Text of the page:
New federal grants target homeless problem
WASHINGTON - U.S. Housing and Urban Development Secretary Shaun Donovan announced this week nearly $190 million in new grants to assist hundreds of local homeless assistance programs across the country. The funding will provide support to 550 local projects that will offer critically needed housing and support services to nearly 20,000 homeless individuals and families over the extended lifetime of these grants. For a complete listing of those local programs awarded funding, visit HUD's website.
Last December, HUD awarded nearly $1.4 billion through its Continuum of Care programs to quickly renew funding to 6,445 existing local programs. The grants announced today build on that investment by funding new projects, awarded by competition and funded through the 2009 Continuum of Care funds. In addition, the funding supports the Obama Administration's far-reaching and ambitious plan to end homelessness. Last month, Donovan and 18 other federal agencies unveiled Opening Doors, an unprecedented federal strategy to end veteran and chronic homelessness by 2015, and to end homelessness among children, families, and youth by 2020.
"This funding is an important part of the Obama Administration's new strategy to end homelessness in all its forms," said Donovan. "We know that these programs are critical in moving people beyond a life on the streets and placing them on a path toward dignity and self sufficiency."
HUD's Continuum of Care grants are awarded competitively to local programs to meet the needs of their homeless clients Continuum of Care grants provide permanent and transitional housing to homeless persons. In addition, Continuum of Care grants fund a wide range of programs including important services such as job training, health care, mental health counseling, substance abuse treatment and child care.. These grants also fund street outreach and assessment programs to transitional and permanent housing for homeless persons and families.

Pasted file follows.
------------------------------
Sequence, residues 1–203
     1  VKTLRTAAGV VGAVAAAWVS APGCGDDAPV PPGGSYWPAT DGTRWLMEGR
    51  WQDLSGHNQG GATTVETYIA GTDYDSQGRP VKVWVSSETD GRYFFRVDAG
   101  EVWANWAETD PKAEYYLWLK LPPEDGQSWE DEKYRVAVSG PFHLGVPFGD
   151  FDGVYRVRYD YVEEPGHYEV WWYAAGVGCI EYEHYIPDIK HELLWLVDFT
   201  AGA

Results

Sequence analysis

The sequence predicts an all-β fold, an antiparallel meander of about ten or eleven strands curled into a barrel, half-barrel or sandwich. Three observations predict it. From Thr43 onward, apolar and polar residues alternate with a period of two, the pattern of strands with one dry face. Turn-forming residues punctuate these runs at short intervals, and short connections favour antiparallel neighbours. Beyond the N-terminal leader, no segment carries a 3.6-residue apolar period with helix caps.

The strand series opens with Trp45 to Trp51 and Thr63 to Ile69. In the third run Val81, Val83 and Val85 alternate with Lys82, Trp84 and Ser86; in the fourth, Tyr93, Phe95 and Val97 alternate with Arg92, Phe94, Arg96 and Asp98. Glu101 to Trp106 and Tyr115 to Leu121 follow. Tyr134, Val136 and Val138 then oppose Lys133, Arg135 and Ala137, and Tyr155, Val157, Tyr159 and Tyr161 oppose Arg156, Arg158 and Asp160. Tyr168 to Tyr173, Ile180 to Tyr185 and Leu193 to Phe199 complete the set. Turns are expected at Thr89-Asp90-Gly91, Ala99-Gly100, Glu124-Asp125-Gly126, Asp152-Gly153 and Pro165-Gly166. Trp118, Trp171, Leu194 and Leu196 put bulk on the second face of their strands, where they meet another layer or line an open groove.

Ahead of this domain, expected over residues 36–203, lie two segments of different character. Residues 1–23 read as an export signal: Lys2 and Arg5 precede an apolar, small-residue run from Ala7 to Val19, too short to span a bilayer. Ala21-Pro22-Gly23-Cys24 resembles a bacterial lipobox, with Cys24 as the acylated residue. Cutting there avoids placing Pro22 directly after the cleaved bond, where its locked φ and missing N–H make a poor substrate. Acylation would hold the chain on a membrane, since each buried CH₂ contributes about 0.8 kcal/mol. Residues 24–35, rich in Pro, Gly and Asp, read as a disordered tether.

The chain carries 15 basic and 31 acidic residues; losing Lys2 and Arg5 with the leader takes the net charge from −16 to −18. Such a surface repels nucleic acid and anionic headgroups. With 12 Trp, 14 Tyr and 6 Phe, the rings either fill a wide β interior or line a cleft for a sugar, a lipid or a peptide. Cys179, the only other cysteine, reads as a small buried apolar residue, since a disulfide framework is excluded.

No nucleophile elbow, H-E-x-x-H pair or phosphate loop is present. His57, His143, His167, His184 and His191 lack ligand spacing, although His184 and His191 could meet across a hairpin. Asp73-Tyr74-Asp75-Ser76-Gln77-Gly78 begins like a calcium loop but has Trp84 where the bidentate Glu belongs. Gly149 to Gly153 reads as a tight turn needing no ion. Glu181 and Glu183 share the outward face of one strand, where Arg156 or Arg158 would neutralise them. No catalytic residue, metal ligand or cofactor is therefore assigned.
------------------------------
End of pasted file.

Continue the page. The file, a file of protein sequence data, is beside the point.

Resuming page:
HUD's homelessness grants are reducing long-term or chronic homelessness in America. Based on the Department's latest Annual Homeless Assessment Report (AHAR), chronic homelessness has declined by 30 percent since 2006. This decline is directly attributed to HUD's homeless grants helping to create significantly more permanent housing for those who might otherwise be living on the streets. It was also reported in the AHAR that the number of homeless families increased for the second consecutive year, almost certainly due to the ongoing effects of the recession.
In addition to the funding provided through HUD's Continuum of Care Programs, the Department allocated $1.5 billion through its new Homeless Prevention and Rapid Re-housing (HPRP) Program. Made possible through the American Recovery and Reinvestment Act of 2009, HPRP is intended to prevent persons from falling into homelessness or to rapidly re-house them if they do.
Highlights of HUD's homeless assistance
HUD is awarding nearly $190 million to support 550 local programs throughout the U.S., Puerto Rico, the U.S. Virgin Islands, and Guam.
$170 million is being awarded to 474 projects that provide permanent housing solutions for homeless families and individuals, including persons who are chronically homeless.
189 programs will primarily assist homeless veterans.
182 local programs will assist persons living with severe mental illness.
28 projects primarily serve victims of domestic violence.
123 projects provide services to chronic substance abusers.
12 local programs will offer housing and support services to persons living with HIV/AIDS
HUD's housing and service programs funded through the Continuum of Care competition establish the foundation for communities to serve many of the nation's most vulnerable individuals and families. Based on the 2009 Annual Homeless Assessment Report (AHAR) released by HUD last month:
1.56 million persons spent at least one night in an emergency shelter or transitional housing programs between October 1, 2008 and September 30, 2009; and
On a given night in January, 2009 approximately 643,000 people are homeless.
While the total number of homeless persons declined slightly between 2008 and 2009, the number of homeless families and the total number of persons in families increased for a second consecutive year.